Cross ventilation and compost-bedded pack barns are increasing cow comfort and productivity in some US herds.
Cross-ventilated barns: What are they?
Cross-ventilated barns have had a presence in the USA for nearly a decade and are a new spin on traditionally ventilated barns.
Often used in larger operations of 500 or more cows, these completely enclosed barns feature fans that line the length of the facilities, which can range from 200- to 500-feet wide. Along the other length of the enclosed barns are cooling pads.
Fans pull cooled air across the width of the barn and across interior baffles – often made of metal or weighted cloth – which run the length of the barn and extend down to within seven feet of the floor, forcing air down on to the cows as they rest in free stalls.
Marcia Endres, University of Minnesota associate professor of dairy science, says the greatest advantage can be seen in larger operations.
“Larger producers can put all cows under one roof – with up to eight to 20 rows – rather than in two or more buildings.”
Dr Endres says a cross-ventilation system allows for a more consistent environment for cows year-round.
“The winter is not as cold and doesn’t freeze as much,” she says. “And in the summer, the temperature can be cooled by 5-15F with the cooling pads.”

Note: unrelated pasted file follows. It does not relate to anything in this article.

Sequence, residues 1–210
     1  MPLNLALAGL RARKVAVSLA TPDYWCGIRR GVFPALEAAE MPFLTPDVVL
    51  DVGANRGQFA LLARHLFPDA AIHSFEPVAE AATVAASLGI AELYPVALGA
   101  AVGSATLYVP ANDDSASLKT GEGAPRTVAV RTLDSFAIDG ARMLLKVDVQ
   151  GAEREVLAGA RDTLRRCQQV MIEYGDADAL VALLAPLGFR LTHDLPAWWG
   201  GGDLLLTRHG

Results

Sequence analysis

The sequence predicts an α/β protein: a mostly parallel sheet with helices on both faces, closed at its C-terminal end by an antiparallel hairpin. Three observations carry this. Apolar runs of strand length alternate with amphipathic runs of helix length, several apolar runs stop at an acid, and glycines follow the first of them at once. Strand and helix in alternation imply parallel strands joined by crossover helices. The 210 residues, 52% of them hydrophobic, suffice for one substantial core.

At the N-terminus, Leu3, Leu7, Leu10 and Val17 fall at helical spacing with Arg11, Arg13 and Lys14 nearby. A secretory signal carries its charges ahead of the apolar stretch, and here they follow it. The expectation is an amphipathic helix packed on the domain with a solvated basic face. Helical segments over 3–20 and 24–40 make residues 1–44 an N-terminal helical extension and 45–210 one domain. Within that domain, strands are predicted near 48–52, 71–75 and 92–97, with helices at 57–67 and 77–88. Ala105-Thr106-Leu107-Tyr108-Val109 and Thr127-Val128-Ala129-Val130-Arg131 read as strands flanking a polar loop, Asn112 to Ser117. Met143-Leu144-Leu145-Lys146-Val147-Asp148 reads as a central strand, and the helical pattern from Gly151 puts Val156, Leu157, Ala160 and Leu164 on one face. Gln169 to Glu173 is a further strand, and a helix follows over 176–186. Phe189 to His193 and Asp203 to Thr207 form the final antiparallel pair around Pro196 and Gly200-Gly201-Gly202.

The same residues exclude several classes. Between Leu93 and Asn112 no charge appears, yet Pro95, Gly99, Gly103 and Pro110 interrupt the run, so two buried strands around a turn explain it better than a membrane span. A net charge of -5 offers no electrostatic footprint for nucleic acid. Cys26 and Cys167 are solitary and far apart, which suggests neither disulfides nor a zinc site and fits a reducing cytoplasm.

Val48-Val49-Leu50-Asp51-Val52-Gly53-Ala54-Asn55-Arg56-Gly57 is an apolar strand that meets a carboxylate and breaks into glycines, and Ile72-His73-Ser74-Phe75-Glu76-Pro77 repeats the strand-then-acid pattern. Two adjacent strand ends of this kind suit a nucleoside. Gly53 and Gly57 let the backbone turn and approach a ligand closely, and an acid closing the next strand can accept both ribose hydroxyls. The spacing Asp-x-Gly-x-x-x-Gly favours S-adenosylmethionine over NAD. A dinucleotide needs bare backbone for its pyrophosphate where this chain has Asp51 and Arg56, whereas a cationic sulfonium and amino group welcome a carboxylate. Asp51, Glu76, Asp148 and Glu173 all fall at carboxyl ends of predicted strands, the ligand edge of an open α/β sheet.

In a study comparing cross-ventilated, naturally ventilated and compost-bedded pack barns, led by Dr Endres, cross-ventilated barns with evaporative cooling pads were 2-3C cooler than naturally ventilated and compost-bedded pack barns when the outside temperature was greater than 27C.
Farmer case study
Jeff & Fred Beer, Beer Farms, Milford, Indiana
- 890 cows
- 13,290kg a cow a year
- 15 full-time and some part-time staff
- Three-times-a-day milking
- 283ha – 40ha soya beans, 243ha corn
Jeff Beer and his father Fred, of Milford, Indiana, installed their cross-ventilated barn in 2008. This barn, which contains 640 freestalls, is divided into eight pens and is lined with 40 fans along the length of the facility.
Jeff Beer says they chose a cross-ventilated barn for cow comfort and because it made sense financially.
“In naturally ventilated barns, which we already had, we have tons of fans throughout the barns anyway,” he says.
“We toured several cross-ventilated barns in Minnesota and we liked the design. When we started looking at the cost, it was very close to a naturally ventilated barn, which was about $1,800 (£1,113) a stall. So why not go for it?”
In addition to the facility cost, Dr Endres says producers may experience a slight increase in electricity costs, as fans run year-round and backup generators are a “must”.